Numbers produce an image of a city's place in time. For Philadelphia in 2012, the picture is of a city in transition on a number of fronts. There are familiar problems and one promising demographic trend. In the last year, unemployment in the city was down, but job creation slowed from the year before. Residential building permits were up, but home sales dropped a sixth straight time. Violent crime fell overall, while the homicide total increased for the second year in a row. One positive sign for the city's future, as reported in a new statistical analysis by Pew's Philadelphia Research Initiative, is that the number of young adults in Philadelphia has risen substantially in recent years.
March 16, 2012 |
CAIRO - Egypt's top prosecutor charged nine senior police officers Thursday with assisting a murderous mob of soccer fans who killed 74 rival supporters last month after a match in the Mediterranean city of Port Said. Many accuse police of looking the other way while violent crime has spiked in the year since Hosni Mubarak's ouster in an uprising. But the charges in the Port Said riot went a step further, alleging that police actually aided the perpetrators of the world's worst soccer-related disaster in 15 years.
February 15, 2012 |
A NEW POLL HOLDS good news and bad news for Mayor Nutter and Philadelphia in his second term. The Pew Charitable Trusts poll released yesterday showed that the approval rating for Nutter's job performance is on the rise, even as residents express growing concerns about crime, education and the economy. Nutter's approval rating increased to 60 percent, up from 52 percent in a Pew poll last year. That was helped by a 10-percentage-point increase in his approval rating among African-Americans, with whom his numbers have previously been less than stellar.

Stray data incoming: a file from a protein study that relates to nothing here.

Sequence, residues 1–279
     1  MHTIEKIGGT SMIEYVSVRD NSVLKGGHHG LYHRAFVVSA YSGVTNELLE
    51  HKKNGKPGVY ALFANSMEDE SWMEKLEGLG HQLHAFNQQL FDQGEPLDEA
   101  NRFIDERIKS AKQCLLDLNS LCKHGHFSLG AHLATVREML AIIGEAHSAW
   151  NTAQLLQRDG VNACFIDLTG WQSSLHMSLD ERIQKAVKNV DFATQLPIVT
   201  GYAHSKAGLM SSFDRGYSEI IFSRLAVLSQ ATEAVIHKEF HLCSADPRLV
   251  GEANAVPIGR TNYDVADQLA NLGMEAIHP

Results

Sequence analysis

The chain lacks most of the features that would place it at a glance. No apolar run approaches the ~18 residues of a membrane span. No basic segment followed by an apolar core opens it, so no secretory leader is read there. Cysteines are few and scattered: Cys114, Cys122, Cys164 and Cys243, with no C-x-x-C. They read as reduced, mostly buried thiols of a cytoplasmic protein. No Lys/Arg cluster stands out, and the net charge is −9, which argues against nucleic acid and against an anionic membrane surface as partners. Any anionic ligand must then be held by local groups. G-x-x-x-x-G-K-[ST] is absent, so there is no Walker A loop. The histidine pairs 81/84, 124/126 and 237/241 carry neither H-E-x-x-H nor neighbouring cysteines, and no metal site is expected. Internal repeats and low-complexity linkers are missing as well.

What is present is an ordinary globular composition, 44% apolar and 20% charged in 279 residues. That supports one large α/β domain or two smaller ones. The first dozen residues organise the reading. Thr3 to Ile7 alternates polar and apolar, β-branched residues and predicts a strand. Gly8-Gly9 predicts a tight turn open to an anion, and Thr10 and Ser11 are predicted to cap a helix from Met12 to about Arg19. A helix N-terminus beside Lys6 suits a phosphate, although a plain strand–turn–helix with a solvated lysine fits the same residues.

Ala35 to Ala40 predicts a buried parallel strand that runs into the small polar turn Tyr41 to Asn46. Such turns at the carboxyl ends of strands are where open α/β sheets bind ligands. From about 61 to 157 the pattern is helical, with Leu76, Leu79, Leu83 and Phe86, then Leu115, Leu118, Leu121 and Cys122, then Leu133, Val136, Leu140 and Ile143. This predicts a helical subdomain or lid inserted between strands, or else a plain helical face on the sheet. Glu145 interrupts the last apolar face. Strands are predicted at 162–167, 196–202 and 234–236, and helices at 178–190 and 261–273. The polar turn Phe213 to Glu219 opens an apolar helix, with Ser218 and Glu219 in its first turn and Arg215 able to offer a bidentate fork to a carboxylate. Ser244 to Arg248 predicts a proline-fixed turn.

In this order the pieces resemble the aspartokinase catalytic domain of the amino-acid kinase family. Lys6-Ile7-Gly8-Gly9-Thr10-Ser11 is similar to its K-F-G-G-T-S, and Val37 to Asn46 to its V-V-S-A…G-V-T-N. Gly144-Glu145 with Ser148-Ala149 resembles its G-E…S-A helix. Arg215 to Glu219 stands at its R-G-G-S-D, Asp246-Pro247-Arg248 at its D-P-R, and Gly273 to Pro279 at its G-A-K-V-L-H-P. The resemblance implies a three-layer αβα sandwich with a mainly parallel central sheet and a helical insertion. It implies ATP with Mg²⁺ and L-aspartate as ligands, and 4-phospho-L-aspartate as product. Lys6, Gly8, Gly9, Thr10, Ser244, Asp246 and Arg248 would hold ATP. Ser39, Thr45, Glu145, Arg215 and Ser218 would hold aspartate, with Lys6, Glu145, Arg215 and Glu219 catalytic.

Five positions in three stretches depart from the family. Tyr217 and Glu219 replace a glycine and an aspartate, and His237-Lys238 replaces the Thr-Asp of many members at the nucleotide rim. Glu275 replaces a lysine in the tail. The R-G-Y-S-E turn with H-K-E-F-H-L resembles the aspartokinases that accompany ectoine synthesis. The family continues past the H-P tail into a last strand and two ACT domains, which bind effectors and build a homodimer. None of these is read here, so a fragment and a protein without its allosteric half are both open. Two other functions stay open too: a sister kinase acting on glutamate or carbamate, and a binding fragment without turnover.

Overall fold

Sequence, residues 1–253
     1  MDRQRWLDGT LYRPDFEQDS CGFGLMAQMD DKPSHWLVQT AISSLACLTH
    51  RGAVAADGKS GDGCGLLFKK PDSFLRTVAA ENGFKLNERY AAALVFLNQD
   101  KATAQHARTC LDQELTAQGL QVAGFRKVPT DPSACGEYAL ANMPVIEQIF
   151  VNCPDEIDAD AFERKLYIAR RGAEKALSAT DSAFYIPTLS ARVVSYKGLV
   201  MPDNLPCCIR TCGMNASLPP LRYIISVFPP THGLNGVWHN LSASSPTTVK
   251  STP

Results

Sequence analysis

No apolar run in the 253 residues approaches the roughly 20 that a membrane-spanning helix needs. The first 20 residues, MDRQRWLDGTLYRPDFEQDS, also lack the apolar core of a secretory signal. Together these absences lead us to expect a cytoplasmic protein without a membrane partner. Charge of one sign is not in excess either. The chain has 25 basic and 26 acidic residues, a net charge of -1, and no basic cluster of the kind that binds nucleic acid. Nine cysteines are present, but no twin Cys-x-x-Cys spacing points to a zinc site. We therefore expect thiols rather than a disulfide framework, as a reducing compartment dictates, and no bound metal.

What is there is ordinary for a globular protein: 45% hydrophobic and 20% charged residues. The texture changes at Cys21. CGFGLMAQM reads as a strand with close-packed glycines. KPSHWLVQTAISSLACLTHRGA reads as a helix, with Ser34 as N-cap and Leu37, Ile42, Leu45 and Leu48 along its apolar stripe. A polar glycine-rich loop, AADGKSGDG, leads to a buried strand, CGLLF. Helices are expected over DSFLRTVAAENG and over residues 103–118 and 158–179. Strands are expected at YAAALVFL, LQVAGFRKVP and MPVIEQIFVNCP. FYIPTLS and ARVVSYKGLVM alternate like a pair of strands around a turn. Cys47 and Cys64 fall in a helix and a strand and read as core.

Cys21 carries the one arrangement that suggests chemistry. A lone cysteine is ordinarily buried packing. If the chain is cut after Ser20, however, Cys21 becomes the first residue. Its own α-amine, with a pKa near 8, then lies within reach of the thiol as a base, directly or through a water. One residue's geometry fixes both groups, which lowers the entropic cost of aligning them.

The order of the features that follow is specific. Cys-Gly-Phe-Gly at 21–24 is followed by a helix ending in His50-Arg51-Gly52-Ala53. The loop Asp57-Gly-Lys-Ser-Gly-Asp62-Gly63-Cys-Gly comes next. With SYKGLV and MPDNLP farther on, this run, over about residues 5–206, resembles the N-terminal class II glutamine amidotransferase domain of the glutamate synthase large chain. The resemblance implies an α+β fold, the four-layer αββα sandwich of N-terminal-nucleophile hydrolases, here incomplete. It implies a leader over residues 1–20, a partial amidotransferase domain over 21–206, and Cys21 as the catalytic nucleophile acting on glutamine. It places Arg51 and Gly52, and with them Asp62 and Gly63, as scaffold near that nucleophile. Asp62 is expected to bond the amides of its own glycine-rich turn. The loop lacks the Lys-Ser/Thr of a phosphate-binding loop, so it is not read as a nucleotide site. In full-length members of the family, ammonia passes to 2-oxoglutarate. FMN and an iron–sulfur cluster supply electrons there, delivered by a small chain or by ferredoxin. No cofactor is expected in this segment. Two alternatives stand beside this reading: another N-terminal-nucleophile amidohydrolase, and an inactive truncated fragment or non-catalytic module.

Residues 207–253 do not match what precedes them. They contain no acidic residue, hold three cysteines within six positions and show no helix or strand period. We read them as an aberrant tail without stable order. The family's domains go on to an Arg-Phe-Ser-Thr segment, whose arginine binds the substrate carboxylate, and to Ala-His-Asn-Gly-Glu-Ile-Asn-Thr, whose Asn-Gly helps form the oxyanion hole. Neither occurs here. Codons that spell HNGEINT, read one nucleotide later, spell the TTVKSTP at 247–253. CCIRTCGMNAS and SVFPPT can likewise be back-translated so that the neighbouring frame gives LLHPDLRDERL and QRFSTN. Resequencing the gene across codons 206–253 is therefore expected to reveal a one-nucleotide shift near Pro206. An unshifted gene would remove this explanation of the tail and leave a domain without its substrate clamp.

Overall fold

January 30, 2012
MAYOR NUTTER has a lot to worry about, but nothing is more immediately pressing than the disturbing rise in homicides in the city. As of yesterday, 32 people had been murdered; that number is higher than the 29 homicides on the same date in 2007, the last year of the Street administration. Nutter announced last week a number of measures to combat violent crime, including increasing bounties for criminals -up to $20,000 for information leading to the arrestsand convictions in homicide cases, and $500 for the arrest and conviction of anyone carrying an illegal gun. We want to feel assured by these efforts, and indeed, taken individually, the program's elements make sense.
January 18, 2012 |
This year began bloody and deadly, 20 murders by Martin Luther King Day, only 16 days into 2012. Along with improving education, crime reduction is one of Mayor Nutter's core missions for his second term. "When those spikes hit, we're going to acknowledge, 'Yep, we have a problem.' We're not going to walk away from the people. We can't be dissuaded that when crime spikes it will remain that way," said Deputy Mayor for Public Safety Everett Gillison, Nutter's point man on crime.
January 16, 2012 |
A 23-year-old Temple University graduate, hailing a cab after leaving a bar with friends, is beaten to death in Old City. Three teenagers are killed as a man fires directly into a car in Juniata Park. A hockey fan from New Jersey is pummeled until he lies unconscious outside Geno's cheesesteak restaurant in South Philadelphia. What, if anything, do these events - all in the new year - say about war and peace in Philadelphia? Who, if anyone, can make sense of such utterly senseless violence?